Imagine flying nearly 4,000 kilometres from Mexico to sip the sap of BC’s old growth — only to arrive and find few ancient trees left.
Such is the life of a Williamson’s sapsucker, a little-known woodpecker that migrates every year from the southern US and Mexico to nest in the old growth western larch and ponderosa pines of our Okanagan highlands and East Kootenay.
Williamsons’s sapsuckers are a vital indicator species for old growth forest health because they need large trees that provide both cavities for nesting and large ant colonies for foraging.
“They need large, veteran trees that have survived many fires and are in the range of 300-600 years old. This is because they have heart-rots, and heart-rots are necessary for these birds to be able to excavate a nest,” says Les Gyug, a renowned biologist who has been studying these birds for decades.
Williamson’s sapsuckers use their long, brush-like tongues to lick any sap that oozes into the holes they drill in neat little lines into trees. A sapsucker will visit their personal sap wells multiple times a day. Adults feed on tree sap and phloem (the inner bark of a tree that transports nutrients), but when they have nestlings, the adults will switch to a high-protein diet of mostly ants to give their young the best chance at survival.
For many years, male and female Williamsons’s sapsuckers were thought to be two distinct species — because they look completely different. Although they technically don’t mate for life, many breeding pairs re-form regularly, year after year.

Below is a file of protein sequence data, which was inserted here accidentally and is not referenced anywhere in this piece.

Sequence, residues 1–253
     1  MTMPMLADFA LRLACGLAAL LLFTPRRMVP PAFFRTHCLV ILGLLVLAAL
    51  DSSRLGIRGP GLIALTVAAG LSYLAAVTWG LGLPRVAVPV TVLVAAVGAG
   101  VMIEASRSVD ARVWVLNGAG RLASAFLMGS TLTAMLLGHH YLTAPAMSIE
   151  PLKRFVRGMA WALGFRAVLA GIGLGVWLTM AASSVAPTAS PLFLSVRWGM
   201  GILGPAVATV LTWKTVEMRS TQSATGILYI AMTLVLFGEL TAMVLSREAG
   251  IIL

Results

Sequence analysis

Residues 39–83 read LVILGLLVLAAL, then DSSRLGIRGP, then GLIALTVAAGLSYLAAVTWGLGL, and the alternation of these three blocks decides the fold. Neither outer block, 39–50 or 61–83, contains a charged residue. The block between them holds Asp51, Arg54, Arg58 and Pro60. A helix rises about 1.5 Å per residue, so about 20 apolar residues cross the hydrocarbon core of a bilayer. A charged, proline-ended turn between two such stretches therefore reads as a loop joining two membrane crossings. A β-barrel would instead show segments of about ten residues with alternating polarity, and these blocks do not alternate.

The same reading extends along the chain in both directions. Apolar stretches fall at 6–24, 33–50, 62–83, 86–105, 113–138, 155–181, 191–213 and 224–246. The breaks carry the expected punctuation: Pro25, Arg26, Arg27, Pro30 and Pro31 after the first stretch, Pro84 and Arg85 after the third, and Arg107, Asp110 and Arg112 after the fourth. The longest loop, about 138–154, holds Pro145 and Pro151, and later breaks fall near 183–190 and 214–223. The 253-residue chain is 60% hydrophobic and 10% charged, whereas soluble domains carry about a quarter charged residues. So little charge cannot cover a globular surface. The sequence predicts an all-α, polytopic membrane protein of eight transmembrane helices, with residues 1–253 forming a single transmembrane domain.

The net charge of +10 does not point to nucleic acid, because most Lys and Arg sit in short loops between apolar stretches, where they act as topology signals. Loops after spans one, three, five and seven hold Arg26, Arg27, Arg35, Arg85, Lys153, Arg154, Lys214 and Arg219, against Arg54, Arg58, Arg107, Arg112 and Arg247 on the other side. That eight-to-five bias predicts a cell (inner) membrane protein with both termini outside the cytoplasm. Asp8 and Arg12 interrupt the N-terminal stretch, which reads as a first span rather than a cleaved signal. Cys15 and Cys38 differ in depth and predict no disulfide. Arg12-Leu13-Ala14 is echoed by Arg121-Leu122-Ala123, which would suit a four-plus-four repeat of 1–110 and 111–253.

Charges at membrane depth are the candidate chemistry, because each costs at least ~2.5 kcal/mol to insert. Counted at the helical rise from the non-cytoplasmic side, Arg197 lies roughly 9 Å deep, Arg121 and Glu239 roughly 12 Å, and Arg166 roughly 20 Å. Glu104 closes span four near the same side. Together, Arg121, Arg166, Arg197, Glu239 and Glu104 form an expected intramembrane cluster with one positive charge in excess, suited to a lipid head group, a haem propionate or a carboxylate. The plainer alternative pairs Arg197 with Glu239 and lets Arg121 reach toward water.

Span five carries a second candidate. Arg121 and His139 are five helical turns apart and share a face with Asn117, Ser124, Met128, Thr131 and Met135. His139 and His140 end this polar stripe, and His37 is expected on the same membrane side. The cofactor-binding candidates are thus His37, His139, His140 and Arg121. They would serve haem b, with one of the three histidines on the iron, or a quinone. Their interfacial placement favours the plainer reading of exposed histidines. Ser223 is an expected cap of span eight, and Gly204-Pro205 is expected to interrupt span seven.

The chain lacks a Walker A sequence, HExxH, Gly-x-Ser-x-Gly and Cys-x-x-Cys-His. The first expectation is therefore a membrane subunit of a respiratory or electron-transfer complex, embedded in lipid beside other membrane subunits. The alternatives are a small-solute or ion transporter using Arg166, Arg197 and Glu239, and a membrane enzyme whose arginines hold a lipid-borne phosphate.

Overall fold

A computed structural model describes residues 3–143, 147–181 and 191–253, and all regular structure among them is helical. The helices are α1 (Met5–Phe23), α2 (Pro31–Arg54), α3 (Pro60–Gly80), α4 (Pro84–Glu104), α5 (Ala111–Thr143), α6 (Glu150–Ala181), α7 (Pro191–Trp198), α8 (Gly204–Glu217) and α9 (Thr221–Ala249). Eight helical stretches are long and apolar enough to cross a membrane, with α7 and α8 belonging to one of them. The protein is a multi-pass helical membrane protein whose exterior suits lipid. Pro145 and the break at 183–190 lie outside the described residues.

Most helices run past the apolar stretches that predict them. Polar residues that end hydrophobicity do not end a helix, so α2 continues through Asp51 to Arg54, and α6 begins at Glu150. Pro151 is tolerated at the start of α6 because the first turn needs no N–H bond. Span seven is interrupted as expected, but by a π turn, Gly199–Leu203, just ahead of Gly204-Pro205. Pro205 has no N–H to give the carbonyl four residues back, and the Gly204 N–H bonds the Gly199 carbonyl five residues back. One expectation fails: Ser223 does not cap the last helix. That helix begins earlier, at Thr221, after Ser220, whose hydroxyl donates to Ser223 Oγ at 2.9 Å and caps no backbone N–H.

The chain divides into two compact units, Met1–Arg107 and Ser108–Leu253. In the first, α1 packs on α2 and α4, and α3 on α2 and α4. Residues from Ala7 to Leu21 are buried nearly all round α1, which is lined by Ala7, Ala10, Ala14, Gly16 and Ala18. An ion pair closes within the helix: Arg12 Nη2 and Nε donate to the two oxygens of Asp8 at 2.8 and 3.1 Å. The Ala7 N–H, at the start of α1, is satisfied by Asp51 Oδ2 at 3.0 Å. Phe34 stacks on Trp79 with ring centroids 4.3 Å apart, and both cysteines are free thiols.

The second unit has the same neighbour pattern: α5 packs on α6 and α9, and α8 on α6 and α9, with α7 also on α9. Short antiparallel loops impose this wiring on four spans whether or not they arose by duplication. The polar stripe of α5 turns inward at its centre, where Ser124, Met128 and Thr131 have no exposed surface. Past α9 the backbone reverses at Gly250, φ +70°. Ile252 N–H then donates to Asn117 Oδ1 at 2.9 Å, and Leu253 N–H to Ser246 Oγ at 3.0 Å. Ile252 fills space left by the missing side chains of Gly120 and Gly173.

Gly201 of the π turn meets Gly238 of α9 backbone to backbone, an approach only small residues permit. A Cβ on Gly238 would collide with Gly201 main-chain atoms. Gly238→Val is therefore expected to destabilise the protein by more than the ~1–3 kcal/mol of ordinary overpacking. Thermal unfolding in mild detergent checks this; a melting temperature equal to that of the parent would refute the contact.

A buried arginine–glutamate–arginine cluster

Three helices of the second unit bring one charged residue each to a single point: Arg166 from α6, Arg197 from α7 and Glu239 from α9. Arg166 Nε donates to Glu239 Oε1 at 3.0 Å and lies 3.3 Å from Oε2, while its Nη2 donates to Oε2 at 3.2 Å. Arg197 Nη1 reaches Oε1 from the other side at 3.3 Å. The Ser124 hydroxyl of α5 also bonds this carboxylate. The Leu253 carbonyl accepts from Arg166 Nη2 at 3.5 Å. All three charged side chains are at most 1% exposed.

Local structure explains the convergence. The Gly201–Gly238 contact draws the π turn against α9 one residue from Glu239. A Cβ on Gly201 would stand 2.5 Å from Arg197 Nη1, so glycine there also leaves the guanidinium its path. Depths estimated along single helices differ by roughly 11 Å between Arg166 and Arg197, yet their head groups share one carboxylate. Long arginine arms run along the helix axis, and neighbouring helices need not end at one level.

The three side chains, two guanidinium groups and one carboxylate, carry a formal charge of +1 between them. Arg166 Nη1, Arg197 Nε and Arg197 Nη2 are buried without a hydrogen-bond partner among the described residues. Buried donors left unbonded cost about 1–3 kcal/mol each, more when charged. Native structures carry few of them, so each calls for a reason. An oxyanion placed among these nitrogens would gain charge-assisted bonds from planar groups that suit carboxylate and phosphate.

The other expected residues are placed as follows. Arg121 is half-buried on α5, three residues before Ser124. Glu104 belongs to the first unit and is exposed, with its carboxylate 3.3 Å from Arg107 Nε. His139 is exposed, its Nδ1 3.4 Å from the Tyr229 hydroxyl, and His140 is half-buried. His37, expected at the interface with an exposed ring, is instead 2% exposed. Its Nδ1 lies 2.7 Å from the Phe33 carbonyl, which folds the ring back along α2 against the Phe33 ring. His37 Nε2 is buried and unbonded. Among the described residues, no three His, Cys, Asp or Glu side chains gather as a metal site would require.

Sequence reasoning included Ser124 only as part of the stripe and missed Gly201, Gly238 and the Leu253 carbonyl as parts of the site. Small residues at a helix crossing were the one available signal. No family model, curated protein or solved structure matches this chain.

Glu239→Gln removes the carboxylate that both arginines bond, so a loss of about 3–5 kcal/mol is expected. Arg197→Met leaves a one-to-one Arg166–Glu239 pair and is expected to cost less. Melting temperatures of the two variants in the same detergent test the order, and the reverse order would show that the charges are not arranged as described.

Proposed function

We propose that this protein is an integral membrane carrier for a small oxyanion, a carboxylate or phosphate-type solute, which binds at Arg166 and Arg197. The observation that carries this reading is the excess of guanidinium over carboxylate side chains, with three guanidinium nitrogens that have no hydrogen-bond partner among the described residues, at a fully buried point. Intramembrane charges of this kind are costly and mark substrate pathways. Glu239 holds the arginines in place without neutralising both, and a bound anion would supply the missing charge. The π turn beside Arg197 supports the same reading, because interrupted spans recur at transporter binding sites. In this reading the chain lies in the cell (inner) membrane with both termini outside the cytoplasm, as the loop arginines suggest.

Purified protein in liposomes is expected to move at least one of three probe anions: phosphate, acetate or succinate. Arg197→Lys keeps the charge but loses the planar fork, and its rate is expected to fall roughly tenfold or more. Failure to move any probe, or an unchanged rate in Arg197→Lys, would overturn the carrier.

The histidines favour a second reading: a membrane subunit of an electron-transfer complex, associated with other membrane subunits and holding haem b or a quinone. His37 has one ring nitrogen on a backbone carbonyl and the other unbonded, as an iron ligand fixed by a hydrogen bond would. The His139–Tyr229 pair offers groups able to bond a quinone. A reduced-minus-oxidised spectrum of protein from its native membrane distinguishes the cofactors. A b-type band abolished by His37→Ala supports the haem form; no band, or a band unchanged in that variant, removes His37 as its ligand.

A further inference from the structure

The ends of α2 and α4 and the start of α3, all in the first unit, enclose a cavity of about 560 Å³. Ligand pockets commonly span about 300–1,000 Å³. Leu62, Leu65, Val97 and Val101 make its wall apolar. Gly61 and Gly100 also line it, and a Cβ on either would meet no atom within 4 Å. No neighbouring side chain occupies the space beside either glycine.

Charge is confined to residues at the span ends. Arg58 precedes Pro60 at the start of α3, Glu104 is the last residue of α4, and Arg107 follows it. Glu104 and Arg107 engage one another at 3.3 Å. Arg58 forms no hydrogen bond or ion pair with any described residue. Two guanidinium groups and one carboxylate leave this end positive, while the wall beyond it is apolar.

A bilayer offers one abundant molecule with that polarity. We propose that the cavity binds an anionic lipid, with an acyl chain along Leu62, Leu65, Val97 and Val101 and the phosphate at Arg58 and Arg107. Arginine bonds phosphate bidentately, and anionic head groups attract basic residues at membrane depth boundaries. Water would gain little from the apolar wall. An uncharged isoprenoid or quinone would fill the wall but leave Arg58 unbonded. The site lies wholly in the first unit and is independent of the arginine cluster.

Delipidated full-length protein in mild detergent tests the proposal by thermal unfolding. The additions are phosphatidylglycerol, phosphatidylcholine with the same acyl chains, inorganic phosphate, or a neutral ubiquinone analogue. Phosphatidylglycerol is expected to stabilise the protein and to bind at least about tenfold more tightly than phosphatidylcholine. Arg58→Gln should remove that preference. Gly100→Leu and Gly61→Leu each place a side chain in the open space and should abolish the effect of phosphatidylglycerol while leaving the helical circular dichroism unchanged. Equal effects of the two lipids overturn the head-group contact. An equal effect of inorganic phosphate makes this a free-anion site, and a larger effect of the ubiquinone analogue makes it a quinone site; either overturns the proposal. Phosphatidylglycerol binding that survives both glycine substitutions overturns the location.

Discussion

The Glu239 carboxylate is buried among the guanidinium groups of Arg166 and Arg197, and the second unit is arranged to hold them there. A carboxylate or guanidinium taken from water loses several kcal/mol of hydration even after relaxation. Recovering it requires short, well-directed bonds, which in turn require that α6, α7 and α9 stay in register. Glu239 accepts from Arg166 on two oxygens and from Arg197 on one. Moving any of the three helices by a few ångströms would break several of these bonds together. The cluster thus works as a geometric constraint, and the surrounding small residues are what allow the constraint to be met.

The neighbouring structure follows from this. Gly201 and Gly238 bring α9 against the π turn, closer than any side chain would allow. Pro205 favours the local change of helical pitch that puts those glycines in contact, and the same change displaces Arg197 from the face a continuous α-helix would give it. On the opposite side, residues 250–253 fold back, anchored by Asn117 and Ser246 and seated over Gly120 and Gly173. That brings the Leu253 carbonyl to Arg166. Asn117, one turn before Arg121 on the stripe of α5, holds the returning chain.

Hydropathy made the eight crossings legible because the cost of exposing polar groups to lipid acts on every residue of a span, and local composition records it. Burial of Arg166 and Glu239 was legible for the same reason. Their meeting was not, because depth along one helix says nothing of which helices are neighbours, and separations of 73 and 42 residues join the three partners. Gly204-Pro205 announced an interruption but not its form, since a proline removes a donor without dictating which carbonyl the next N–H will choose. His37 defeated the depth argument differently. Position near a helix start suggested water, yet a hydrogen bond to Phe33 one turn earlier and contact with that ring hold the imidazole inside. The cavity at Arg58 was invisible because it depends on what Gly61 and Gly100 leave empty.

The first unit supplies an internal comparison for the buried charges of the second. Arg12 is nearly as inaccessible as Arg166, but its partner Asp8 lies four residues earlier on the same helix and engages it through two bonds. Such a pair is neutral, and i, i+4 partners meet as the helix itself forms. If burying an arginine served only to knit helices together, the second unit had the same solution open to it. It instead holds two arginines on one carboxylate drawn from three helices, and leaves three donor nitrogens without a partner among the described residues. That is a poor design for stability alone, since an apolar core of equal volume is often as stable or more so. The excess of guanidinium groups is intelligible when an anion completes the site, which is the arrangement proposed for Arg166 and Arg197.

Losing their homes to the chainsaw
Williamson’s sapsuckers were listed as endangered in Canada in 2005, but despite a comprehensive federal recovery strategy, their critical habitat is still being logged.
Gyug says that in the Okanagan and Boundary areas about 50% of the land would have been high-quality habitat prior to the start of industrial logging. Now, because of logging, only about 2% of this area is still habitable for Williamson’s sapsuckers — and even that is now only low-to-moderate quality habitat. These sapsuckers are notoriously selective with their homes: if the forest is too sparse, they can’t move efficiently enough from tree to tree to gather enough ants for their nestlings, but if the forest is too dense, they don’t seem to be able to efficiently choose the tree trunks that actually have ants on them. What suitable habitat remains is now “a tiny, tiny area compared to what it was in the past. Almost every stand that was worth logging has been logged in the last century” says Gyug.